The Forum has carried out interfaith awareness raising workshops in different schools across the Borough. This has involved speaking to over 3,500 pupils. The Deputy Head of Horton Mill Primary School commented on our session with his school:
My colleagues found the sessions entertaining, useful, age-appropriate and challenging. All commented on the fact that children were enthralled by the content, enthused by the presentation and felt that it is this kind of workshop that is so powerful in challenging children's perceptions.
One of these workshops was also OFSTED inspected. The Inspector commented in his report:
During the inspection, an outstanding example was observed when a Muslim imam and a Catholic priest from the local community came together to talk about their respective faiths with the Year 6 pupils. The occasion was handled with great good humour and insight, modelling community cohesion for the pupils
(Alan Brine, HMI for OFSTED)
The Forum has also facilitated more than 65 visits to places of worship. These visits have involved many different schools from the Borough and one from Shropshire. 2,570 children have made at least one visit. The Head teacher of the Shropshire School commented:
All the staff agreed that there was lots of "awe and wonder" on show in both visits. All in all it is the best trip we have done in terms of learning by both children and adults and enjoyment. Ofsted were in last week and they were truly impressed with the work we have done on community cohesion and especially our trip to Oldham.
(John Eglin, head teacher from Morda Primary school in Shropshire)
A local teacher also commented about the visit made by her school:
"We are now of the opinion that these visits and interactions with other religious leaders are crucial for the future integration of our community"
(Jennifer Hetherington, Religious Education Coordinator St Mary's Primary School High Crompton Shaw)
Leading to Respect
In June 2007, the Interfaith Forum worked with a culturally diverse group of 18 young people from the Borough. These were between the ages of 18 and 25. After six preparatory sessions to explore the dynamics of segregation and conflict, and the benefits of diversity, the group travelled to Srebrenica and Auschwitz to see the impact of extremism. The concept for the programme was based again on John Paul Lederach's spider's web approach to building peace. Since their return members of the group have delivered moving presentations about their visit to about 1000 people and been interviewed on local radio. But they have also developed strategies in their own areas of work to show that community cohesion is now a priority for them. An example of this can be seen through five members of the group who were some of the main drivers in the development of the Oldham Muslim Centre. One of the declared five main priorities for that Centre is "to provide a social space to allow people from different backgrounds, cultures and faiths to come together and work for the common good." There have been several activities in the Centre to demonstrate that this priority is being put into effect. Also, in 2009, two years after the Leading to Respect Programme, Oldham Muslim Centre was adjudged to be the best Mosque in Oldham for engaging with the wider community (Oldham Mosques' Council Awards 2009).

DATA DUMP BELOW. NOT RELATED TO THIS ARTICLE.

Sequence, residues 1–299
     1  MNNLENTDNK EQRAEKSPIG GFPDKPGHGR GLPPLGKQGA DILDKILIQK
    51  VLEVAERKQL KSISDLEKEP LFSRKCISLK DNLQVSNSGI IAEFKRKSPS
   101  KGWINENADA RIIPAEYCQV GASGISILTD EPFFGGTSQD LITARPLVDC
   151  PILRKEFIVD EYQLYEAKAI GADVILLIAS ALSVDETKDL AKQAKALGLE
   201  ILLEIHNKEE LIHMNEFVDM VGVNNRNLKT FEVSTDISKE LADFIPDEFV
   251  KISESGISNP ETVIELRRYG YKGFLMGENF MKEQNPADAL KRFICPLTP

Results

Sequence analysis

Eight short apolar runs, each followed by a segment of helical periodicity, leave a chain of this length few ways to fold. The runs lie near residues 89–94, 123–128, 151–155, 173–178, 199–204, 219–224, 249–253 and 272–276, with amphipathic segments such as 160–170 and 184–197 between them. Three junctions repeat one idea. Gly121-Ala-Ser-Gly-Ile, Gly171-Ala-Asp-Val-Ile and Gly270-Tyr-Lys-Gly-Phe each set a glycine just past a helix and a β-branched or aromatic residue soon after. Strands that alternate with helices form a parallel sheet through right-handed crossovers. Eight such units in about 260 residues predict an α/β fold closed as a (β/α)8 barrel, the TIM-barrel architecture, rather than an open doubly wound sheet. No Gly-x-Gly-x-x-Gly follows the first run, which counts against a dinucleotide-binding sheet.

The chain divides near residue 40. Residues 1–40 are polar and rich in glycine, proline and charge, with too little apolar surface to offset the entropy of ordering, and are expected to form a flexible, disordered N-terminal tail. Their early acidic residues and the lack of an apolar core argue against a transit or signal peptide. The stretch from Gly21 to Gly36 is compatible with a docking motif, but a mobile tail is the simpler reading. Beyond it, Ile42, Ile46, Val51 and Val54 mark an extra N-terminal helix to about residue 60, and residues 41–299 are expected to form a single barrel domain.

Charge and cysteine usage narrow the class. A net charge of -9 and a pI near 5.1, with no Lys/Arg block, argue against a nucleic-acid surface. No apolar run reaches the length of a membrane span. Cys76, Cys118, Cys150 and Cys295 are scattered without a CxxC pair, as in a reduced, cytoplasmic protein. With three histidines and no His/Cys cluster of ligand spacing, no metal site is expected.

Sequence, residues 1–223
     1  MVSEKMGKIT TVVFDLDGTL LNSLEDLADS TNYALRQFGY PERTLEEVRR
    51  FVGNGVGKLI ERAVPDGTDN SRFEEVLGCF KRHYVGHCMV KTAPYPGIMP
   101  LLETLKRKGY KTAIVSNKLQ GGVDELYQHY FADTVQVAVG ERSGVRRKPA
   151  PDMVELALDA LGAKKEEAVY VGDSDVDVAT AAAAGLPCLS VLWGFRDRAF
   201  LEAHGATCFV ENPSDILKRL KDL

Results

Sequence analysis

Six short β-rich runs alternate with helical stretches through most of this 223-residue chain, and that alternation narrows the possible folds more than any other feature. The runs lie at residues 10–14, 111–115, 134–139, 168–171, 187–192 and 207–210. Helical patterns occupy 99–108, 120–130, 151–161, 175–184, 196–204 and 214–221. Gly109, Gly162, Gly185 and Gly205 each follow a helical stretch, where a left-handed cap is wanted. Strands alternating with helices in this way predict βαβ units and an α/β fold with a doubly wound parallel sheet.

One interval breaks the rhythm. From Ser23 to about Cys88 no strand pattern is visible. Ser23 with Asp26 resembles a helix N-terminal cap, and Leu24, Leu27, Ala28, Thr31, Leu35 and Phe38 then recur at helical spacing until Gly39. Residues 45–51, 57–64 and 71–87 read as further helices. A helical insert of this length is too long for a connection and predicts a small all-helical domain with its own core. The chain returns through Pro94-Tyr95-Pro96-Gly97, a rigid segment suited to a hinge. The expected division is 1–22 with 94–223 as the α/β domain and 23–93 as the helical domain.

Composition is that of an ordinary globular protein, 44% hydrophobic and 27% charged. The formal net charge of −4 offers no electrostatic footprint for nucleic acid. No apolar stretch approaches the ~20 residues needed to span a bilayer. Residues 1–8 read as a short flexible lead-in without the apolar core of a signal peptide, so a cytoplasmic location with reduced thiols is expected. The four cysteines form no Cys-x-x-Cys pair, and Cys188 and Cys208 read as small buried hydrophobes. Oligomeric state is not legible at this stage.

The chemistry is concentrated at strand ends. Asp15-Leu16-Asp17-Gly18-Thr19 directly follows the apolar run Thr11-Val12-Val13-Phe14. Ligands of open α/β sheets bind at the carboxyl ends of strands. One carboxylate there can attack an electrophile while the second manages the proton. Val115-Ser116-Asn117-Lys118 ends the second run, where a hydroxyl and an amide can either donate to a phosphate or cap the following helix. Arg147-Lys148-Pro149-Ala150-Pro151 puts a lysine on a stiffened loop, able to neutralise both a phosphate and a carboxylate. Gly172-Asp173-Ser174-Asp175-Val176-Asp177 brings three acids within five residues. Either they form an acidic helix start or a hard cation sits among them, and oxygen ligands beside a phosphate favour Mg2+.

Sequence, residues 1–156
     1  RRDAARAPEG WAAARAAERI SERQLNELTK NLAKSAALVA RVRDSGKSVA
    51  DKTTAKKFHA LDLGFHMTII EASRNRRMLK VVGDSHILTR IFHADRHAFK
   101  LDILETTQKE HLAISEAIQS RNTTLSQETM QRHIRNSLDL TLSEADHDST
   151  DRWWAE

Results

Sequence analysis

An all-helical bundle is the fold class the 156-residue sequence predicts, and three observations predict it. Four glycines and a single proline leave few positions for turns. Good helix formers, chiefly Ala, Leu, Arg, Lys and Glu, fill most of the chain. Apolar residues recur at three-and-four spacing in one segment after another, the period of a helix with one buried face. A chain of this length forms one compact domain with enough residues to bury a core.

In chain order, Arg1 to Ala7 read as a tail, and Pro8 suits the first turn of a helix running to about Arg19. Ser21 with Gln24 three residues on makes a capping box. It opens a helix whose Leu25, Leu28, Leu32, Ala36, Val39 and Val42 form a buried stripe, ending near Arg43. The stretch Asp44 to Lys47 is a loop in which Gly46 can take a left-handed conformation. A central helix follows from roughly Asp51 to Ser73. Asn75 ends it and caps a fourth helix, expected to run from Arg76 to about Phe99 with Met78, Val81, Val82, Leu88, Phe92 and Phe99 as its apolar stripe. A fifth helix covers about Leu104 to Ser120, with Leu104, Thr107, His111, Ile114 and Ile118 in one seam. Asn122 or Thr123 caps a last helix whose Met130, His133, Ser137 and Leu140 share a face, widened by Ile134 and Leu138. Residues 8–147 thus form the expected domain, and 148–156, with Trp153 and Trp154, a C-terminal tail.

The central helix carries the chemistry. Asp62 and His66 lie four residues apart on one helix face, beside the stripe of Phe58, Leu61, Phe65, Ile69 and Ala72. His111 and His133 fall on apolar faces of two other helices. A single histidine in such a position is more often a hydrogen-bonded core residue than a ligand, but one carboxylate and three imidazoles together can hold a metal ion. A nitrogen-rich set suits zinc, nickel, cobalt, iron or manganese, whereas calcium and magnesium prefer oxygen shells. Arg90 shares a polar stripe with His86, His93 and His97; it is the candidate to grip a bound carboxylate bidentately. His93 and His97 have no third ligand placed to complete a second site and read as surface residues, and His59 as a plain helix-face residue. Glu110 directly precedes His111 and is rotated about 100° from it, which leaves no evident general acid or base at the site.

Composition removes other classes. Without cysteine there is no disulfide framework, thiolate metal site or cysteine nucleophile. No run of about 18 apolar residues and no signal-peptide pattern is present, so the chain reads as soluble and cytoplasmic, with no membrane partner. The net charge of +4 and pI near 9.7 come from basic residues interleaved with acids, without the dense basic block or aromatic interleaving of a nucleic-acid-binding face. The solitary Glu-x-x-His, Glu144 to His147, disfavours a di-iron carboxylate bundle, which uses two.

The LTR... had a huge impact on my professional and personal life; it helped me to understand different communities and cultures... Some of my peers and I, after the trip, went on to play an instrumental role in helping to set up the £2.2m Oldham Muslim Centre. This centre has now won numerous awards for its work in the community
Any Questions on Faith
The Forums "Any questions on Faith" events are held across the Borough during which the Forum provides a panel religious of experts to answer any Question on religion or culture posed by the public. These events have been held From Failsworth to Uppermill, Shaw and centrally in Oldham. There are many examples of this work. One such example is of "Any Questions on Faith" in Oldham Sixth Form College when approximately 300 students attended one of a series of four "Any questions on Faith" events during which the Forum provided the panels of experts.
A representative of the College wrote:
Oldham Interfaith Forum kindly gathered together a panel of faith leaders so that the students could ask any question on faith. The students were a little slow to start but with the help of the AS Religious Studies students they really did ask ANYTHING! Over the day approximately 300 students took part and really enjoyed and benefited from the interactive nature of the sessions. The tutors also commented on how informative and enjoyable they found the sessions.
Oldham Festival of Light
Over two thousand people, from across the Borough of Oldham, will have attended one or other of the events put on by the Interfaith Forum in the three years from 2015-2018. The major event of the year is the Festival of Light.
Oldham’s Interfaith Forum has been hosting the Festival of Light in the borough for many years. But, given the tensions around the world as we deal with the real threat of terrorism strikes, its message has never been more topical…The uplifting nature of the Festival of Light…is always a time for reflection.
In December 2016, part of the Festival of Light was shown on the Sunday Politics Show on BBC 1. Oldham had been referred to, in the Louise Casey Report, for its problematic segregation, and the Festival of Light was shown as an example of Work with adult population / Breadth of that work and evaluation of impact by service users from Oldham happily interacting across cultural divides.
According to those who filled in our evaluation sheets after the 15th Festival of Light in December 2017, 78% of those attending were doing so for the first time. 86% of those attending claimed that the event had improved their understanding of a faith.